The evidence in this case simply does not create a genuine issue whether Dr. Eriksson's invocation of his FMLA rights played a part in the termination of his employment. At best, he has challenged the soundness of Stampohar's decision to discharge him, but this Court does not sit as a " super-personnel department" reviewing the wisdom of that decision. Bone, 686 F.3d at 955. " Employers are allowed to make even hasty business decisions, so long as they do not discriminate unlawfully, and there is no evidence here that [DRHC acted] because of an animus against" Dr. Eriksson for seeking FMLA leave. Pulczinski, 691 F.3d at 1005. Accordingly, his FMLA claim fails.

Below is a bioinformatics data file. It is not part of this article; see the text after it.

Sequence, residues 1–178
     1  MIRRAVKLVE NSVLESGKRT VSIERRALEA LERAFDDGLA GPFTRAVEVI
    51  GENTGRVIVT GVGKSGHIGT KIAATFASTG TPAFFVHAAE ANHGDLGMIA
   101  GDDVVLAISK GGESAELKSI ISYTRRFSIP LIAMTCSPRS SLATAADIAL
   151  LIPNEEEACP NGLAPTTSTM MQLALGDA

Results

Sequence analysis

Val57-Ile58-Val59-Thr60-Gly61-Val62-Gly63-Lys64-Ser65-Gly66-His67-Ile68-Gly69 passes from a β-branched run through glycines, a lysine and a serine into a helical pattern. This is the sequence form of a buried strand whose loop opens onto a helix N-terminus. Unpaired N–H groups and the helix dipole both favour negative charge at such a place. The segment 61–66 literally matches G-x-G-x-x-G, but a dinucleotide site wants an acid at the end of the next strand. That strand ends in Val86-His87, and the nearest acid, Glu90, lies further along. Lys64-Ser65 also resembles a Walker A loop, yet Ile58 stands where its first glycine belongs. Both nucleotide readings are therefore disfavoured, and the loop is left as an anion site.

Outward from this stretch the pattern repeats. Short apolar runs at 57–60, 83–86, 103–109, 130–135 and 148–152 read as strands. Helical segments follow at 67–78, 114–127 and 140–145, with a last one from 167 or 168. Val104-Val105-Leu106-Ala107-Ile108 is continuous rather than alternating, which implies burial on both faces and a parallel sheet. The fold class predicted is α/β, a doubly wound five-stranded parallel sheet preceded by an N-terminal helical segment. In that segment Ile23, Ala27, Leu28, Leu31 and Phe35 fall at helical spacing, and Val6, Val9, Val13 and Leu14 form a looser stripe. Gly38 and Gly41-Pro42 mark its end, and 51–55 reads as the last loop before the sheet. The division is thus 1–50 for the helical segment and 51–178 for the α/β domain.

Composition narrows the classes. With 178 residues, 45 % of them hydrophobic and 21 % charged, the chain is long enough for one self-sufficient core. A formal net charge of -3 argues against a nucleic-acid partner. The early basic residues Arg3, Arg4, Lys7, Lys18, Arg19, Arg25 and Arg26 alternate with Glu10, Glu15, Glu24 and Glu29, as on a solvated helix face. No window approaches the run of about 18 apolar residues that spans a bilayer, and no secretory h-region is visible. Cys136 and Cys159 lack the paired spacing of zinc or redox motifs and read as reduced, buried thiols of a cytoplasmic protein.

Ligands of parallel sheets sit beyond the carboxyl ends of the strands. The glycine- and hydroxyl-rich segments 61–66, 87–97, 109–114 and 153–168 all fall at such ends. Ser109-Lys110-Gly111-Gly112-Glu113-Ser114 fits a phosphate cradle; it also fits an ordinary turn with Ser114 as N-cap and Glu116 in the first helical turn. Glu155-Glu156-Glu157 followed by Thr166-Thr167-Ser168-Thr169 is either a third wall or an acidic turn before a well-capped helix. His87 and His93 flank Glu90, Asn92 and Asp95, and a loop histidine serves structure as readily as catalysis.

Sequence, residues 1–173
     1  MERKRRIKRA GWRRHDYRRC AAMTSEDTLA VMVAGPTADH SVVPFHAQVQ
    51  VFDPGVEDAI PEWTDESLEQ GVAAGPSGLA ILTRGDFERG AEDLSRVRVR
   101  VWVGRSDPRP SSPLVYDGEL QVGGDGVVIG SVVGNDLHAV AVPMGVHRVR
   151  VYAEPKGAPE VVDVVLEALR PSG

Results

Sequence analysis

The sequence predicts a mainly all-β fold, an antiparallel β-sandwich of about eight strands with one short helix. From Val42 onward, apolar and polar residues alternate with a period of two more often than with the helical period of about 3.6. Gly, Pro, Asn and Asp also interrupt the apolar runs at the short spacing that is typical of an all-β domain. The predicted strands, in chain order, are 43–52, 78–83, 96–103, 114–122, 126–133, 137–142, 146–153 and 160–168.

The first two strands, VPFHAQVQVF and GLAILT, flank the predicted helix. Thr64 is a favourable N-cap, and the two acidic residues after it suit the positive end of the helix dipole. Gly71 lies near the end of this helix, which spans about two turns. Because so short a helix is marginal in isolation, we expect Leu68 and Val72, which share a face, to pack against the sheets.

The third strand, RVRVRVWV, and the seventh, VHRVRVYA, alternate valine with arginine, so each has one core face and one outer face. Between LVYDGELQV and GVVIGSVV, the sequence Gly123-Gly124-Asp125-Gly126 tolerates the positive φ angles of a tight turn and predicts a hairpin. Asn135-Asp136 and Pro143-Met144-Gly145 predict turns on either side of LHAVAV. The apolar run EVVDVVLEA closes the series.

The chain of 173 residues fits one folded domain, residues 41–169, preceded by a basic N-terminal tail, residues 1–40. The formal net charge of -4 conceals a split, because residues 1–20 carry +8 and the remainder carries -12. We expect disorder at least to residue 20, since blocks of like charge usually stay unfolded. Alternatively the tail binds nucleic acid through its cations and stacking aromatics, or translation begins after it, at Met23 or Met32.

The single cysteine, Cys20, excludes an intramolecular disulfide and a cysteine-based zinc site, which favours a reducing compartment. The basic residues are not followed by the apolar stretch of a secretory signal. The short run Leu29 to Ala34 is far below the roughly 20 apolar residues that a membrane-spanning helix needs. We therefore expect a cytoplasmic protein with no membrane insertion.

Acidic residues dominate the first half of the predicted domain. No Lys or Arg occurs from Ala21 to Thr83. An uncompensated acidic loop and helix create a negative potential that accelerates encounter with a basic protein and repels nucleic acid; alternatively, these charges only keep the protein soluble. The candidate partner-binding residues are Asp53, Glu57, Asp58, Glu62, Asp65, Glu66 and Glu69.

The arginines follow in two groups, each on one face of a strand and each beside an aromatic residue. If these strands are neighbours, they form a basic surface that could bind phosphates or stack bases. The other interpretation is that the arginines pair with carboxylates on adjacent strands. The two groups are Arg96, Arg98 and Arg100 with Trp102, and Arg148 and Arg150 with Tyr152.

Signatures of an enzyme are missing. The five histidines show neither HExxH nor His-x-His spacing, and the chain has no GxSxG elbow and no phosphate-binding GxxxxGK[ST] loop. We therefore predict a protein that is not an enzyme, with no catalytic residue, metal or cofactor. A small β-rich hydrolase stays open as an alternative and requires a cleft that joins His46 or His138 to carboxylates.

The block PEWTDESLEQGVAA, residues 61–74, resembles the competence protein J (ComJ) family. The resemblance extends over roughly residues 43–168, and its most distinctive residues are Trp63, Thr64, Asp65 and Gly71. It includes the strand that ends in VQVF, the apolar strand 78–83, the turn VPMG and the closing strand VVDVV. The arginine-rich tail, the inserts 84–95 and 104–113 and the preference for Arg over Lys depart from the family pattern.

Based on the foregoing, and all the files, records, and proceedings herein, IT IS ORDERED that DRHC's Motion for Summary Judgment (Doc. No. 20) is GRANTED and Dr. Eriksson's Complaint (Doc. No. 1) is DISMISSED WITH PREJUDICE.

LET JUDGMENT BE ENTERED ACCORDINGLY.


Buy This Entire Record For $7.95

Official citation and/or docket number and footnotes (if any) for this case available with purchase.

Learn more about what you receive with purchase of this case.